But the lesson that often gets lost a little in our concern about how public spaces are treated is that given a choice, private interests trump public interests. And the same is true for policy rankings. What I rank high on my policy priorities are those things that have high private costs, not high public costs. This is why health care and inflation rank highly—they are intensely personal costs. And why background checks lag.
We get thrown off by the fact that virtually everyone agrees on this issue—we are a bit deluded by the near-consensus (86 percent favor background checks). But just because everyone agrees and shares an opinion does not mean they all feel strongly about it.
In sum, for those favoring gun law restrictions, their preferences are predominantly public interest preferences but not private interest preferences.
Now, let’s flip the script and look at those who favor loosening gun laws.
24% of Americans favor “Allowing people to carry concealed guns without a permit”
For these people, the policy preference is both a public cost and a private cost. The public cost is that they see gun-carrying as in the public’s interest. It is also an intensely personal cost because they want to carry their own gun without a permit, which is materially different than wanting someone else to get a background check.
Why this Time is Different Part II
If you put the two parts of this essay together, it’s easy to see how Uvalde may shift the narrative by making what had been mainly public preferences private. If I worry about my kids being shot at school, and I worry that the frequency and intensity of these events are increasing, I start to privatize my concerns.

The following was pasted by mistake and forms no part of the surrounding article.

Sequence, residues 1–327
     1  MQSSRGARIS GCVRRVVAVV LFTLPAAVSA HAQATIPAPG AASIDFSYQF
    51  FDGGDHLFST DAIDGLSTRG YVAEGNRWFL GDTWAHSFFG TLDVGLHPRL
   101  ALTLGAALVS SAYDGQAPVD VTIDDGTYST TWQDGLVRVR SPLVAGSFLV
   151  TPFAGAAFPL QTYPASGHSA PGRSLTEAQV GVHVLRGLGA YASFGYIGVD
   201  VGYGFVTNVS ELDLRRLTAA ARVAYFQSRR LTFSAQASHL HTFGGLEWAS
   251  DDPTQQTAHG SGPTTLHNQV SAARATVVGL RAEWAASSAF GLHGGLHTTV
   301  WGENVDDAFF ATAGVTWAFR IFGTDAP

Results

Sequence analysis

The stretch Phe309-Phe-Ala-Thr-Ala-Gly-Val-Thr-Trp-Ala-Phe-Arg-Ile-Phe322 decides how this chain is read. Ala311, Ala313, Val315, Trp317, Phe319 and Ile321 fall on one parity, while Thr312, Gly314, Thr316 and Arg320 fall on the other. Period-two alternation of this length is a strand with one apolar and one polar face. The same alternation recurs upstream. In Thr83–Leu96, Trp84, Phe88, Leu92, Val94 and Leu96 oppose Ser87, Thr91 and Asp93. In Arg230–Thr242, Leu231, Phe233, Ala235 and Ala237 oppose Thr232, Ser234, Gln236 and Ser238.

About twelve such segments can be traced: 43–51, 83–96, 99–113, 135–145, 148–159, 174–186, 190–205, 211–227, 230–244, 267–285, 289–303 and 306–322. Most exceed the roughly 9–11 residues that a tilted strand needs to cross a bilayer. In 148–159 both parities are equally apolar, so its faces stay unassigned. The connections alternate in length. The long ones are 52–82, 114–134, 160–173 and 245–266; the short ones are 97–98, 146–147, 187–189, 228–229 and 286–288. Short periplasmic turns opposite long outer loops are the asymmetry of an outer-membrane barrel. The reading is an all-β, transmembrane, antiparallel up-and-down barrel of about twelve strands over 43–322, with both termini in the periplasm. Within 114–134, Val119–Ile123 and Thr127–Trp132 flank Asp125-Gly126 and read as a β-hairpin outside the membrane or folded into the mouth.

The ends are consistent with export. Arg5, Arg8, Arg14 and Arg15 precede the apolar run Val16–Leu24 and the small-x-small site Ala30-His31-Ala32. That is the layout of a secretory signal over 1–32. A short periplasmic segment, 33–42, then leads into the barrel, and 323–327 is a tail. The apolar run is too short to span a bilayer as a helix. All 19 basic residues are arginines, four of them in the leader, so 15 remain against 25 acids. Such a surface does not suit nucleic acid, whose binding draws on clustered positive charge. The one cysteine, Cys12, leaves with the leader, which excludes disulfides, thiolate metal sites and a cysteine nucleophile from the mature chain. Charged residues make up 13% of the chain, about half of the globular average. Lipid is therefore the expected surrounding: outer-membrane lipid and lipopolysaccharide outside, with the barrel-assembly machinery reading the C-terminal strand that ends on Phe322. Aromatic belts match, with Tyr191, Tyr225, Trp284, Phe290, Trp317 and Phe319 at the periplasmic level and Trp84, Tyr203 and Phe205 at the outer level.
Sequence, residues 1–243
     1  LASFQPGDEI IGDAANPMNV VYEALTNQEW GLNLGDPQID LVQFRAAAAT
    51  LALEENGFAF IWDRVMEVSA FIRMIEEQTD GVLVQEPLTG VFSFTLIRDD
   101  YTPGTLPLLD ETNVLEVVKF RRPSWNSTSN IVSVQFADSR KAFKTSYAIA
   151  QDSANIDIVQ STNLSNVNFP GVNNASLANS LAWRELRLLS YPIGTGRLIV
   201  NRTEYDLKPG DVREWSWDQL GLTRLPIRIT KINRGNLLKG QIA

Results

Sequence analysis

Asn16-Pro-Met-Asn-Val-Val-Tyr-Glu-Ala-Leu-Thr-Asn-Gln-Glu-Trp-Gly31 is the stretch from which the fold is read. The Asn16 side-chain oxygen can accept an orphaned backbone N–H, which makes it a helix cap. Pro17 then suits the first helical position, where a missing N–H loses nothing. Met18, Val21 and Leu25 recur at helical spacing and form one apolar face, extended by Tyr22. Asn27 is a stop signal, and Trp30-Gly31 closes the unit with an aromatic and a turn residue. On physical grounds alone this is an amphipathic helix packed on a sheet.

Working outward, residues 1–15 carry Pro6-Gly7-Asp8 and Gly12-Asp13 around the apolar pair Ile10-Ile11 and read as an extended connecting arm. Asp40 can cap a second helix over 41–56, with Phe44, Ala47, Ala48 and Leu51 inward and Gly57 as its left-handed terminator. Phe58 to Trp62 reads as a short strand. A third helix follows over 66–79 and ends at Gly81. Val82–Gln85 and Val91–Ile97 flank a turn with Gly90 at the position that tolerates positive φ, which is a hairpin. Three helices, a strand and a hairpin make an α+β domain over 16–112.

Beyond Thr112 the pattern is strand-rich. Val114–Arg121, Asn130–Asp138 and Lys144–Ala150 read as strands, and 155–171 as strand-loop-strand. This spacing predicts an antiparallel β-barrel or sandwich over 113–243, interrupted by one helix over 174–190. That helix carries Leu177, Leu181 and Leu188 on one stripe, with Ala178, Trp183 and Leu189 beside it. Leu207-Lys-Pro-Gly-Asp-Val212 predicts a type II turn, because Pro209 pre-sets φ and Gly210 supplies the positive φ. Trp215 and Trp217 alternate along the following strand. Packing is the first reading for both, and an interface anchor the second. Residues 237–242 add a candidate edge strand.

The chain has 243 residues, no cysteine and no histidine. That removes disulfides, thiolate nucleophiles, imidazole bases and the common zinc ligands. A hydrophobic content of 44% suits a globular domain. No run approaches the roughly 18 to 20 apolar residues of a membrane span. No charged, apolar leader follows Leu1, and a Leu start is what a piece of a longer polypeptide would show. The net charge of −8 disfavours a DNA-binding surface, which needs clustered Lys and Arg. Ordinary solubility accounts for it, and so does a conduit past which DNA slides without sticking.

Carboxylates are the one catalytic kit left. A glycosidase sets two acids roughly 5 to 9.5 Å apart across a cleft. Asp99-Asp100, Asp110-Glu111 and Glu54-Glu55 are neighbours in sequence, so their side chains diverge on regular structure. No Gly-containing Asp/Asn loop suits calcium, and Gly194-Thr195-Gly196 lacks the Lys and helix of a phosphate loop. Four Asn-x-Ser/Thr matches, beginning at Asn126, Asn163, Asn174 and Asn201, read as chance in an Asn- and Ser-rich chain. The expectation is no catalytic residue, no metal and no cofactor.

If I begin to believe that there is no recourse—that the police are not coming to save my kids. That when my kids are threatened, the police will just stand outside my kid's school for 78 minutes while my children are terrorized by a gunman. Then it is personal. Deeply personal. Unavoidably personal, even if I do not care for politics and am part of the largest block of voters there is—the nonvoter.
There is no reason to believe that absent some pretty fundamental shift in gun laws, the threat of mass shootings will dissipate. There are more mass shootings than ten years ago. And while the number of mass shootings increases, the number of weapons available to be used in a mass shooting also continues to increase—sometime this summer, the 50 millionth gun will be sold in America just since January 1, 2020. There is simply no reason to believe the number of mass shootings is going to decline. And every minute the Uvalde police spent milling around outside Robb Elementary reduced the deterrent effect of the police.
There’s just no reason to think any of this is going to stop on its own or even get better. Put all of this together and all you see is momentum inexorably building for gun safety measures. And it is not just about doing something to go to the voters and say, look, we did something. Until those gun safety measures are of sufficient scale to actually improve public safety—to actually reduce the number of mass shootings—the pressure will only continue to build.